When a power outage hits, having a generator can be a lifesaver. It can keep your lights on, your refrigerator running, and your essential devices charged. But how do you safely and correctly attach a generator to your house? Here's a straightforward guide to help you understand the basics.

1. Choose the Right Generator

First, make sure you have the right type of generator for your needs. There are two main types:

  • Portable Generators: These are smaller, mobile units that you can move around as needed. Bryan suggests these for most homeowners, as they are more cost efficient and require less initial setup, such as HOA approvals and additional plumbing/permitting requirements.
  • Standby Generators: These are larger, permanent units installed outside your home that automatically turn on during an outage.

2. Understand Power Needs

Determine what you want to power during an outage. Make a list of essential appliances and devices. Check their wattage requirements to ensure your generator can handle the load.

3. Safety First

Safety is crucial when dealing with generators. Here are some key tips:

  • Never run a generator indoors or in enclosed spaces like garages. Generators emit carbon monoxide, which is deadly.
  • Use a transfer switch to connect your generator to your home. This device prevents back-feeding, which can be dangerous for utility workers and your electrical system.

4. Installing an Inlet and Transfer Switch or Interlock Kit

A generator inlet box, also known as a power inlet box, is like an electrical outlet for your house. It'll allow you to connect your portable generator quickly and easily.  A transfer switch is a small board installed next to your main electrical panel. It safely connects your generator to your home's electrical system.  An alternative to installing a transfer switch is an Interlock, which is installed directly into your electrical panel.  What is required for your home depends upon your current setup.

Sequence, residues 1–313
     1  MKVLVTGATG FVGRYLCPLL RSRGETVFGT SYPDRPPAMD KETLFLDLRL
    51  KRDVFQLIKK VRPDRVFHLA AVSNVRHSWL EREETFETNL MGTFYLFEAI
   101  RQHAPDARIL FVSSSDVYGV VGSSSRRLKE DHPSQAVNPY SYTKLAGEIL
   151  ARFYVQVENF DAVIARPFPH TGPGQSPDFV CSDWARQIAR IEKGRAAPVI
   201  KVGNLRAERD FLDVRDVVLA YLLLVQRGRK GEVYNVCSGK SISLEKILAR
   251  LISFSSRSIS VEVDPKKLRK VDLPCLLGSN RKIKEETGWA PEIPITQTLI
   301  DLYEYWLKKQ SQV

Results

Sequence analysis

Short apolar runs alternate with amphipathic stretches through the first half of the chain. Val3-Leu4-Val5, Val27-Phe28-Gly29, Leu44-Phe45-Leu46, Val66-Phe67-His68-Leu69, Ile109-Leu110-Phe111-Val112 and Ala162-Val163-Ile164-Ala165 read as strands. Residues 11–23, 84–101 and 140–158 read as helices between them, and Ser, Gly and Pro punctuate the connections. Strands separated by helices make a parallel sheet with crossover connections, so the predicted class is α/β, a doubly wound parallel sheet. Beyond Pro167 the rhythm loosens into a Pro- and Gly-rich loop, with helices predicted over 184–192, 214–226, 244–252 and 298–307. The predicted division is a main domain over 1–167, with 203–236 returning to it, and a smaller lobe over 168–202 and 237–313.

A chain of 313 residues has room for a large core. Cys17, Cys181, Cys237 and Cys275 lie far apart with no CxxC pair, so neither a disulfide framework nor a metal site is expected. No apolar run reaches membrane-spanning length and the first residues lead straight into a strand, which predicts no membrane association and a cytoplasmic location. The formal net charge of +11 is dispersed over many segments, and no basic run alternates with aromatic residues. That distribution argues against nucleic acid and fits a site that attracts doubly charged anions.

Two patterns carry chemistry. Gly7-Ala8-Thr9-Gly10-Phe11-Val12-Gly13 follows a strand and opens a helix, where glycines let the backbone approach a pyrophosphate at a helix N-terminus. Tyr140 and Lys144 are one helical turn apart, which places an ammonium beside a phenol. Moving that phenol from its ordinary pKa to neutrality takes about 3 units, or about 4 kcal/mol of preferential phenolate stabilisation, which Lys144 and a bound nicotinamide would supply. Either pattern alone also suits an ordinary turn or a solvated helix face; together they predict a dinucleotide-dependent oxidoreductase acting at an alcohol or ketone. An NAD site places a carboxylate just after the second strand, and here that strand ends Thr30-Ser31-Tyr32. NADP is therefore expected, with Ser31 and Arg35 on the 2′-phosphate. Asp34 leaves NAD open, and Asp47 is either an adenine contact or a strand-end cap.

Here’s a simple overview:

  • Hire a licensed electrician: Installing a transfer switch or inlet involves working with your home's electrical system, which can be complex and dangerous.
  • Installation process: The electrician will install the transfer switch near your main electrical panel (or an interlock in your main electrical panel) and connect it to the circuits you want to power during an outage. They will then create an outlet where your generator can be plugged in.

5. Connecting the Generator

Once the transfer switch is installed, connecting your generator is straightforward:

  1. Place the generator outdoors on a flat, stable surface away from windows, doors, and vents.
  2. Plug the generator into the transfer switch using a heavy-duty extension cord rated for the wattage of your generator.
  3. Start the generator according to the manufacturer's instructions.
  4. Flip the switches on the transfer switch to the "Generator" position to start powering your selected circuits.

6. Maintenance and Testing

Regular maintenance ensures your generator is ready when you need it:

  • Run your generator periodically to keep it in good working condition.
  • Check the oil level, fuel, and air filters regularly.
  • Test the transfer switch and generator connection a few times a year to ensure everything works properly.

One of the most important safety tips to remember is to never plug a generator directly into a regular home outlet. This can cause back feeding, which is extremely dangerous and can even be deadly for utility workers.

Final Thoughts

Attaching a generator to your house involves understanding your power needs, prioritizing safety, and using the right equipment. While it's tempting to do it yourself, hiring a professional electrician to install your inlet and transfer switch or interlock is the safest and most reliable approach. With the right setup, you'll be well-prepared for any power outage, keeping your home and family safe and comfortable.

Remember, this guide provides general advice. Always consult with professionals and follow local regulations and manufacturer instructions when dealing with electrical systems and generators. Stay safe and powered up!